Get to Know Ramesh Nair
Today’s focus is on IEEE Computer Society Young Professional Ramesh Nair. Ramesh has been a member of the IEEE Computer Society since 2011. In 2012, he won the Richard E. Merwin Student Scholarship and later served on the Society’s Membership & Geographic Activity Board. He currently serves as Vice Chair for IEEE Young Professionals. Recently, IEEE Computer Society interviewed Ramesh. You can read here what Ramesh had to say about his history and relationship with computer science, the IEEE Computer Society, and so much more.
How did you first get interested in computer science/engineering? What made you want to do this professionally for your career?
I have been interested in computers from my early school days. I grew up in the early 90s, so I remember playing some old computer games and always wondered how such graphics and UI could be designed. I have always had a passion for electronics in my science classes by doing projects, and that paved my way to doing my Bachelor’s in Electronics Engineering. During my Bachelor’s, I was influenced by professors who offered courses in VLSI Design—most of whom were former employees in Silicon Valley tech companies. I wondered how billions of transistors are embedded in a very tiny chip! I went ahead and did my Masters in Computer Engineering, specializing in VLSI Design and ended up at Intel—which is a dream company for any professional interested in electronics and chip design.
Where do you currently work? And what do you currently do?
I currently work at Intel Corporation in California. I work as a Design Automation Engineer where I develop next-generation Intel microprocessors and SoC design projects.
What made you join IEEE Computer Society?
I joined IEEE Computer Society during the second year of my Bachelor’s. I was motivated to join the Computer Society by a Richard E. Merwin Student Scholarship winner and friend, who inspired me by telling me stories about the Computer Society and the benefits it could bring to student members. Finally, after being in the Computer Society for 2 years, I went on to win the Richard E. Merwin scholarship myself and then continued in the Computer Society even after graduation and taking a full-time job.
You won the Richard E. Merwin Scholoarship Award. How did that help you while in school? And how did it help you land your first job?
I won the Richard E. Merwin scholarship during the final year of my Bachelor’s. It was an exciting moment in my career. I was funded by my University where I did my Master’s for almost 90% of my tuition, and the best part was that I was able to use the Richard E. Merwin money for the remaining 10% of tuition fee payment—how exciting!! Apart from the monetary benefit, I also got a chance to meet with many senior mentors in IEEE Computer Society and learn more about the Society and how much I could contribute.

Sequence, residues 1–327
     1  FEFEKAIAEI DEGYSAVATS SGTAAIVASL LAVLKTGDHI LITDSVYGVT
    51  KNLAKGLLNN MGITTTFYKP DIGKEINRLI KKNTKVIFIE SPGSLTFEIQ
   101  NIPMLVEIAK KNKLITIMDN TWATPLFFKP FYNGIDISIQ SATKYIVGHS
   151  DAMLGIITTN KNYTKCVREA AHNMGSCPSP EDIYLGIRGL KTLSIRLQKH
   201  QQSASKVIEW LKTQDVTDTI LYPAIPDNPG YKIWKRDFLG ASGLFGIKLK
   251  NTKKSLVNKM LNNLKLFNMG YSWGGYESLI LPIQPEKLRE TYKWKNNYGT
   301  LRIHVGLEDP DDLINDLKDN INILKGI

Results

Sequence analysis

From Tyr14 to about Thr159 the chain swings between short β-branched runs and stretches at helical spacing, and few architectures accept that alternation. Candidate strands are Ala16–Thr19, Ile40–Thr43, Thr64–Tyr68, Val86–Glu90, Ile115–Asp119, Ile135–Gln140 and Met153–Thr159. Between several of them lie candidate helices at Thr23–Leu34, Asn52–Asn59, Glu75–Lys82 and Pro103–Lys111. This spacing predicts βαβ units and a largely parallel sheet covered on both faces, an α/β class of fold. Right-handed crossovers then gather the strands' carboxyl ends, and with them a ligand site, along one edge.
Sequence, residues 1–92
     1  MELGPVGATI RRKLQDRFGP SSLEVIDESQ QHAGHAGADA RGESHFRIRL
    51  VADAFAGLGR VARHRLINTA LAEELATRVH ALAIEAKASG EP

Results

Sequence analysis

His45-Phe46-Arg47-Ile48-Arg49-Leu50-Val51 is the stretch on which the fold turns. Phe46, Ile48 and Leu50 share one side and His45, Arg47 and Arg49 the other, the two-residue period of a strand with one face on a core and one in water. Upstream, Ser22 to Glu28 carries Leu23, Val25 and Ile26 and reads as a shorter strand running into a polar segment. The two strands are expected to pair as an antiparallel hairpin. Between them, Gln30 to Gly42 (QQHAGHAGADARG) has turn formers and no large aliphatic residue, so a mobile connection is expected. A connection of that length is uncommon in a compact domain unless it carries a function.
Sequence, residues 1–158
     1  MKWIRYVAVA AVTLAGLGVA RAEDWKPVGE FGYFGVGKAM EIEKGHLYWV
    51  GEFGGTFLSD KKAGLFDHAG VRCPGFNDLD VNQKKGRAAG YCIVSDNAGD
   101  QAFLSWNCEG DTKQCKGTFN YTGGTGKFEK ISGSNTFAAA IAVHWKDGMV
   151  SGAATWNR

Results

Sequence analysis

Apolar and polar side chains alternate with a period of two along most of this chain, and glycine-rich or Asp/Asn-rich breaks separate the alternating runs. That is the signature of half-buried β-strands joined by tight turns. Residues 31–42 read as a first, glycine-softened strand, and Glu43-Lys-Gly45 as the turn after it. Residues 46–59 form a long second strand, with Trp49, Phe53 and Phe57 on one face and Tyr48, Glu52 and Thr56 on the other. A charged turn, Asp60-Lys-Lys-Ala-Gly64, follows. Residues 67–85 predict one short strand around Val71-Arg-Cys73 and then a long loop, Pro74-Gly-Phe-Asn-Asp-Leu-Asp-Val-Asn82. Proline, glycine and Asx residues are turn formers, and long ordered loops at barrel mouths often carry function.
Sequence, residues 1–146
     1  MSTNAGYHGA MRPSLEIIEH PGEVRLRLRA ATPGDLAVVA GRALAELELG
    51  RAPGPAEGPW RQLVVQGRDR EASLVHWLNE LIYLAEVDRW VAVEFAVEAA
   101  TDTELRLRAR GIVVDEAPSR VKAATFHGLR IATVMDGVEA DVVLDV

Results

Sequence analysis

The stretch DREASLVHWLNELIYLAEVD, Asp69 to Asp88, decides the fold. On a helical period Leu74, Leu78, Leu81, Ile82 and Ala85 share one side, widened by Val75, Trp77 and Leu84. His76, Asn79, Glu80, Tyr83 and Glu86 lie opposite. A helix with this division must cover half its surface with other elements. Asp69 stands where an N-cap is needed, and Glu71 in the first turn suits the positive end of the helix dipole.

You are still involved with the IEEE Computer Society? What roles have you held? Why are you involved? Did winning the Merwin Award and serving as a Student Ambassador get you hooked on being involved with the Society?
Yes, I am still involved in the Computer Society—I recently did a webinar on IEEE Young Professionals, and how CS benefits are aligned towards early career development. I currently serve many positions in IEEE—Vice Chair for IEEE Young Professionals, IEEE Region 6 Operations Committee, IEEE Ethics and Member Conduct, to name a few. I served as Student-Young Professional Coordinator in IEEE Computer Society Membership & Geographic Activity Board in 2016 and helped drive Computer Society activities in the US Regions.
Winning the Merwin award opened new doors for me to get in touch with senior leadership, make new friends and understand what possibilities I had ahead of me.
What do you hope for the Society five, 10, 15 years from now?
IEEE is a great organization and this organization needs young people to get involved, in order to keep IEEE running, even 20 years from now. IEEE member data reveals that average age of IEEE members have been increasing for the past 10 years, and that is alarming—IEEE is aging. If we continue this trend, we will have no future leadership for IEEE. I think the Computer Society as a society should make it more attractive to young members and make it more relevant as it deals with key technical areas like AI, Big-Data, high speed computing, etc. Having a CS membership should help you be on the cream layer in your job and peers—that should be the goal. I think having SkillChoice Complete is a great start for early career developers, and we should continue to invest in those domains in order to retain and attract members. IEEE Computer Society Board of Governors should have young professional members, so their voice is at the table, and give more leadership positions to young members.